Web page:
This type of interdiction work “negatively impact the members of criminal organizations using the highways and byways of the state of Montana,” Sanderson told the committee.

And it’s not just drugs. It’s the criminal element that is being looked for, which has encompassed human trafficking and fraud, said Sanderson.

Sanderson said this work is more difficult in Montana than in some other states due to “more liberty.” For example, a K9 cannot be run around a car just because of a trooper’s hunch.

Also in Montana, search warrants are needed to do vehicle searches. In many other states, law enforcement can conduct a search based on their own probable cause. The bottom line is that it takes Montana law enforcement much longer to investigate crimes than other states.


Butler said it takes about four years worth of data to be able to judge the effectiveness of a program. The interdiction team will hit that mark at the end of this year. Preliminary numbers are promising, with meth being the most trafficked drug and the one that draws the most of the team’s attention.

In 2016, MHP seized 6.53 pounds of meth. In 2019, that number was 75.63 pounds, with the interdiction team responsible for 60.07 pounds of that amount.

In 2016, MHP seized one pound of cocaine. In 2019, four pounds of cocaine were seized, which Sanderson noted was coming from the southern border.

Marijuana seizures have actually declined — 1,200 pounds in 2016 compared to 422 pounds in 2019. Sanderson suspects that is largely due to the “decriminalization” of marijuana in surrounding states, as well as Medical Marijuana in Montana.

Although no number was given, Butler and Sanderson said the number of people arrested had declined since 2016, but the drug amounts — particularly with meth — had increased.

Another reason for the lower arrest number is the focus on large-scale trafficking operations rather than on small dealers.

Stillwater County has seen a steady uptick of methamphetamine and marijuana cases during the past handful of years. ​The following is a non-inclusive list of some of the bigger cases:

•Last week’s seizure of 78 pounds of methamphetamine during a traffic stop on I-90 and the arrest of a Florida man on federal charges.

•In January 2020, a man was arrested on I-90 allegedly with 11 pounds of pot.

•In 2019, a California man was sentenced to federal prison for 15 years after being caught with eight pounds of meth on I-90.​

•In 2019, a Chinese man pleaded guilty to having 70 pounds of marijuana on I-90 in January 2018.​

•In March 2019, a Billings woman was stopped by a deputy on I-90 with allegedly 9.2 pounds of marijuana. That case is pending.

•In April 2019, a man and woman were arrested on I-90 with 29.2 grams of meth, a 50-caliber handgun, a scale, and needles. The woman was already a convicted felon who served prison time for aggravated kidnapping and aggravated assault of a man over a drug deal.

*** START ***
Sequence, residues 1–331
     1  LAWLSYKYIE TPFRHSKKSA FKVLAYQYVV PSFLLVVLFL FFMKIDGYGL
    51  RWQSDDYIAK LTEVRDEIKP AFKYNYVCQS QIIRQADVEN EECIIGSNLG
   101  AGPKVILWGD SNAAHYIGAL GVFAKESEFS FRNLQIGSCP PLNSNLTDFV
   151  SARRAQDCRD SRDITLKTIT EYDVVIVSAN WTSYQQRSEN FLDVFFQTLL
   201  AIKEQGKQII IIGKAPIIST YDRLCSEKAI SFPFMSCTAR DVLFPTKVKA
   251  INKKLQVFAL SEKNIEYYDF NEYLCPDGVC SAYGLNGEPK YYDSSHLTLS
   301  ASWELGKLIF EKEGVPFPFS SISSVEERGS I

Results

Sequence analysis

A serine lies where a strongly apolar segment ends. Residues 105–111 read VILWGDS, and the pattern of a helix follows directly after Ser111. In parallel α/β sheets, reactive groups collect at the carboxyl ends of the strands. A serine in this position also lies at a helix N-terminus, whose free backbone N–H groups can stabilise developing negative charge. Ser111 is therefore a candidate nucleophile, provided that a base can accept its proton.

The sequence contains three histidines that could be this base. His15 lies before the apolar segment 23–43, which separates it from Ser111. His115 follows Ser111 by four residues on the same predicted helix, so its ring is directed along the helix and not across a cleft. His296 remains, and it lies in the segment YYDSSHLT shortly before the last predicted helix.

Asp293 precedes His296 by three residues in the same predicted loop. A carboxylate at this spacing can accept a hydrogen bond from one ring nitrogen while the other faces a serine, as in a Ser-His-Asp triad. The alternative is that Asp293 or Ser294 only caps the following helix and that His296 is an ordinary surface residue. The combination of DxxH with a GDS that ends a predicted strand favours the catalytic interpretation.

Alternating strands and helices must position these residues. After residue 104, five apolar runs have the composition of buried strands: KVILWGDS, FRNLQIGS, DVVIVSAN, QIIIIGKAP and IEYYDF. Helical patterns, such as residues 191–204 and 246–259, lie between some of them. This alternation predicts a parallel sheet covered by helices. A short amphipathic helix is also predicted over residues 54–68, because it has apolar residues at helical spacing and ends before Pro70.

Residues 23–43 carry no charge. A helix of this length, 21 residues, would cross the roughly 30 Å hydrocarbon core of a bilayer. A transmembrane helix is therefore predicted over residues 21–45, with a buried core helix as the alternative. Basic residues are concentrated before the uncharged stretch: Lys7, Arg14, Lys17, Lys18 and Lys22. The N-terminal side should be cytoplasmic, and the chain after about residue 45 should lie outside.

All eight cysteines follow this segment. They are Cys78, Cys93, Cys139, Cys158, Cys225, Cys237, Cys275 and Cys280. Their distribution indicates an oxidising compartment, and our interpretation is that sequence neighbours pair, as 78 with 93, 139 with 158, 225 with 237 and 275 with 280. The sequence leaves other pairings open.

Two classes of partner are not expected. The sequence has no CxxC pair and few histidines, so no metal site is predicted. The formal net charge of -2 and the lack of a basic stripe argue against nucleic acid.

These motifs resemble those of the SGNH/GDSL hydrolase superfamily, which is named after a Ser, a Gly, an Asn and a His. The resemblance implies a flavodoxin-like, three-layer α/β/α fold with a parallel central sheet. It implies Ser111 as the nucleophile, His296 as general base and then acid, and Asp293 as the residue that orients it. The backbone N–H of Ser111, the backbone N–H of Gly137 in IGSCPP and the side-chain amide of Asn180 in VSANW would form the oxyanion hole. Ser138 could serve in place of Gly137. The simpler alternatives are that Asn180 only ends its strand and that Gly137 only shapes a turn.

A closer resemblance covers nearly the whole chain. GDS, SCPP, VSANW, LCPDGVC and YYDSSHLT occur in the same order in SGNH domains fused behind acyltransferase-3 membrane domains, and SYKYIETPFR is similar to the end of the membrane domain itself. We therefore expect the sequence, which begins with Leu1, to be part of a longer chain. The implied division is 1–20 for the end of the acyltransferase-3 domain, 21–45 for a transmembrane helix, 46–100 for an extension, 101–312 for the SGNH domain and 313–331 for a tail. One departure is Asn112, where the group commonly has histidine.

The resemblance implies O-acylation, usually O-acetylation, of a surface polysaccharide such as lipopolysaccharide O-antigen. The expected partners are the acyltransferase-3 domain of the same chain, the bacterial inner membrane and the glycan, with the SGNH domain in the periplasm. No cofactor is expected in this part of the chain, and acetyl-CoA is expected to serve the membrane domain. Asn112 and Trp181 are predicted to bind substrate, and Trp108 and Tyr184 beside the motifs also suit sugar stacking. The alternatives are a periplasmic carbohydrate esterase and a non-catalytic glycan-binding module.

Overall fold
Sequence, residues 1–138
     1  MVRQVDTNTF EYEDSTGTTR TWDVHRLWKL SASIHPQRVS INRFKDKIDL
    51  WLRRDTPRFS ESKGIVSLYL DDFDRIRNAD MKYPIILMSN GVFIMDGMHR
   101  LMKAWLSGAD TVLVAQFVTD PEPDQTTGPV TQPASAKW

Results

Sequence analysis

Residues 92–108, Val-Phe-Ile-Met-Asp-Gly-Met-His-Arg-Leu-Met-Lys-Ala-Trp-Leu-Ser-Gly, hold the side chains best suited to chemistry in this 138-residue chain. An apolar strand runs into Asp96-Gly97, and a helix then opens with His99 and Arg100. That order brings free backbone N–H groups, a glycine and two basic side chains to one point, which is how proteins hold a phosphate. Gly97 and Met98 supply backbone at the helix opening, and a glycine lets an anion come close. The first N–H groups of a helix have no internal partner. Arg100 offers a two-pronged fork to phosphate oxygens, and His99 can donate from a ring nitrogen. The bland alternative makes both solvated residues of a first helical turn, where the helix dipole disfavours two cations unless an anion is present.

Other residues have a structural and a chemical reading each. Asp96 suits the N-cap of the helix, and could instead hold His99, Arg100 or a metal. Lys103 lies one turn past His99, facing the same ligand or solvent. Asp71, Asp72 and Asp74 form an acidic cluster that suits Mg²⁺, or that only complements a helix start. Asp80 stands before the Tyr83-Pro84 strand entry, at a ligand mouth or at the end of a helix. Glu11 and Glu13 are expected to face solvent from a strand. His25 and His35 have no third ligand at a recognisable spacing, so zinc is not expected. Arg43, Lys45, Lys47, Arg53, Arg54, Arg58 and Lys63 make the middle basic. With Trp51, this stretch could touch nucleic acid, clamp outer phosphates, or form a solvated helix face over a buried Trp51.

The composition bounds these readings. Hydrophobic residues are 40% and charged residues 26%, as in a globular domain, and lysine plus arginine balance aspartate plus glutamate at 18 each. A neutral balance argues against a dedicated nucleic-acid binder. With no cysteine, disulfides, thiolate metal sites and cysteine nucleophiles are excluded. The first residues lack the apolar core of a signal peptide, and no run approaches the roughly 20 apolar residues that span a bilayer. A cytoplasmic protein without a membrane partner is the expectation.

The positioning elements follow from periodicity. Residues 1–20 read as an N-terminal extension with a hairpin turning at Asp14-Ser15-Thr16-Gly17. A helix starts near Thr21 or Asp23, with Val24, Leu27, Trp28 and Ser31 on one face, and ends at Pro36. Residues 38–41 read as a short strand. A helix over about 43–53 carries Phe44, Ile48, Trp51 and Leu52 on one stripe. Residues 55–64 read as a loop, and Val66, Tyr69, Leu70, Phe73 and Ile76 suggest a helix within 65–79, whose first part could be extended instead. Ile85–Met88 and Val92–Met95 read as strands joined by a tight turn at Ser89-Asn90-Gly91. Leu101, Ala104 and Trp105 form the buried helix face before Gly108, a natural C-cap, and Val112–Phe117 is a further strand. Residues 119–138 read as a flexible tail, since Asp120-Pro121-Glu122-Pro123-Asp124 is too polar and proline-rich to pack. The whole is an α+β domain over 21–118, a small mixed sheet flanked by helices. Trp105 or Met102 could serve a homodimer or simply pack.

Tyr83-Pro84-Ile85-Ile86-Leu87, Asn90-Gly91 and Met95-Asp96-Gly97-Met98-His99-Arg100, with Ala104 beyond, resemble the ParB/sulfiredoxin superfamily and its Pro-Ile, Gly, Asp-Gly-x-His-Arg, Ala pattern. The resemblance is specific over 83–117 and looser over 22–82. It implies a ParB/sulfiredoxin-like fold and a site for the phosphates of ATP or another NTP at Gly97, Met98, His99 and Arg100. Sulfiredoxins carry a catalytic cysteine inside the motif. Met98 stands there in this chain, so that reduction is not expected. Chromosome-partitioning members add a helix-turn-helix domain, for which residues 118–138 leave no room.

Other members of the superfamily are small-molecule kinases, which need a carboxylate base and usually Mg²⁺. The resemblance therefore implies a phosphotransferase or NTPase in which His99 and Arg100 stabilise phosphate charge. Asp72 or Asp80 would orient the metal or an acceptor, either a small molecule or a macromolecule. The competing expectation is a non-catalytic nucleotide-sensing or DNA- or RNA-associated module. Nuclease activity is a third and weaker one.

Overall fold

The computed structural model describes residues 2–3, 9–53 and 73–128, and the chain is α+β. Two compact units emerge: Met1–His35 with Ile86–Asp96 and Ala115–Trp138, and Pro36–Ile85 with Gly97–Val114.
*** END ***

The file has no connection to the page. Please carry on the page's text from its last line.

•In 2018, a man admitted to having 20 pounds of marijuana wrapped like Christmas presents in his car on I-90 (Montana Highway Patrol case).

•In January 2018, an Idaho oilfield worker was arrested on I-90 with 174 grams of psilocybin mushrooms, 24 grams of cocaine and 47 grams of marijuana.

•In September 2018, a man who was in the U.S. illegally was arrested with 7.8 grams of cocaine, as well as heroin and Narcan during an I-90 traffic stop. He was prosecuted and deported (MHP case).

•In June 2018, a Kansas man was arrested with 1.9 pounds of marijuana in his car on I-90 that he told law enforcement he had planned to sell (SCSO case).

•In 2017, two Absarokee/Fishtail area men were sentenced to federal prison after a state investigation revealed that more than 100 pounds of methamphetamine had been trafficked into the area between 2013 and 2015. At one point, one of the men admitted to federal authorities that he had trafficked 178 pounds of meth (Federal DEA/ State DCI/SCSO case).

•In 2017, a Belgrade construction worker was sentenced after having been caught with 15 seedling marijuana plants in his vehicle on I-90. (Columbus Police Department/SCSO case).

•In November 2017, a North Dakota couple were sentenced on multiple charges after getting caught with meth, cocaine, marijuana and a stolen firearm at the Columbus Super 8. SCSO/DCI

•In May 2016, three men were arrested and charged federally when approximately nine pounds of marijuana was found in their vehicle after being stopped for speeding on I-90. One had been previously deported from the U.S. MHP

•In 2014, a California couple was arrested on I-90 with 115 pounds of marijuana. MHP/SCSO


•November 2019: A Yellowstone County man is facing felony charges stemming from an I-90 meth case in which a digital scale, several baggies of meth and other paraphernalia were found

•March 2019: A convicted felon on probation for a drug case has denied having meth, methadone and hydrocodone in a car.

•November 2018: A convicted felon out of Musselshell County was charged with felony drug possession when small bags of meth were allegedly found in his car.